Dumaplin would not comment to The Daily Beast, but her representative sent a statement that read, “I’m in the business of helping babies get sleep and parents reclaiming the joy of parenthood that’s often lost due to sleep deprivation—which has nothing to do with politics. Between 2016 and 2019, I made a series of donations (totaling $1,078) to the Trump campaign. As with many citizens, there were aspects of the Trump Administration that I agreed with and some that I disagreed with. When your baby is up in the middle of the night and you’re exhausted, that’s the most important thing in your world—not who is in the White House. I will continue to stay focused on my mission of serving all parents by empowering them with the tools they need to help their babies sleep.”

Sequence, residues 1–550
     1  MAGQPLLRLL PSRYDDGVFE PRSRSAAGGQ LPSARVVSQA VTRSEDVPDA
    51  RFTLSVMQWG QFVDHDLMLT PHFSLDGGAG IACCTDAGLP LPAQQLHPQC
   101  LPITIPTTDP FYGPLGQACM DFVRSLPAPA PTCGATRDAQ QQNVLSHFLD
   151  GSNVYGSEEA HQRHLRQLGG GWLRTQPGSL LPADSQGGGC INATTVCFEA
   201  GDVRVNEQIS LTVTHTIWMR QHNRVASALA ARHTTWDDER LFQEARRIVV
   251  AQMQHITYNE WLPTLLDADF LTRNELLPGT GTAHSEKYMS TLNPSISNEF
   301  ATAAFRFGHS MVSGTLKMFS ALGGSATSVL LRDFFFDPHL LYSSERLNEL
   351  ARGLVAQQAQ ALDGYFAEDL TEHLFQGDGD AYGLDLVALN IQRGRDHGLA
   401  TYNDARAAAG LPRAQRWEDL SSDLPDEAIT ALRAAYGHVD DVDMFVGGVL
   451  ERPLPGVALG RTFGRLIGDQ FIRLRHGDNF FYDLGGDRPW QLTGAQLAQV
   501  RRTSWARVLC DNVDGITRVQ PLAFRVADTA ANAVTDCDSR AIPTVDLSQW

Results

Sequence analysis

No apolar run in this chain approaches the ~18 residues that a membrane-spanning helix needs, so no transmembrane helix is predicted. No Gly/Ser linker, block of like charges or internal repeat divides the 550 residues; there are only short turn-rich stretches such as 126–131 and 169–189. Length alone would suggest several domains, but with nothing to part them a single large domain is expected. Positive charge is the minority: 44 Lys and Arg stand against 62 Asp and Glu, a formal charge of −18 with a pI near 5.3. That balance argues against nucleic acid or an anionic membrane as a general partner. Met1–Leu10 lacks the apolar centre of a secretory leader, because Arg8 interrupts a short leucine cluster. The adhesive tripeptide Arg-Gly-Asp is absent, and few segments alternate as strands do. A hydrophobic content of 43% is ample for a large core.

Dumaplin did not answer follow-up questions about what “aspects of the Trump administration” she supported. She also did not reveal what she would say to parents who were immigrants, LGBTQ, BIPOC, or otherwise impacted by Trump’s policies.
Still, after weathering a storm of bad tweets, Dumaplin seems, well, fine. She would not say if her business had been impacted by the revelation. She keeps posting sleep tips on Instagram, business-as-usual. It does not appear likely that she’ll release a Making Cribs Great Again line.
As Vox’s Rebecca Jennings put it, “Taking Cara Babies is not the root cause of America’s political problems, and a woman donating to the Trump campaign does not negate her ability to give useful advice on baby sleep training.” (Of course, Dumaplin has not publicly supported QAnon or the Capitol rioters like Ensing has. So maybe she has not crossed some line in the eyes of a mainstream audience.)
Karwowski, who runs the influencer agency, added that while “mainstream, major brands” probably won’t line up to work with a questionable influencer, there will be opportunities for Ensing to work with companies that have aligned with Trump. “MyPillow, for example,” she said.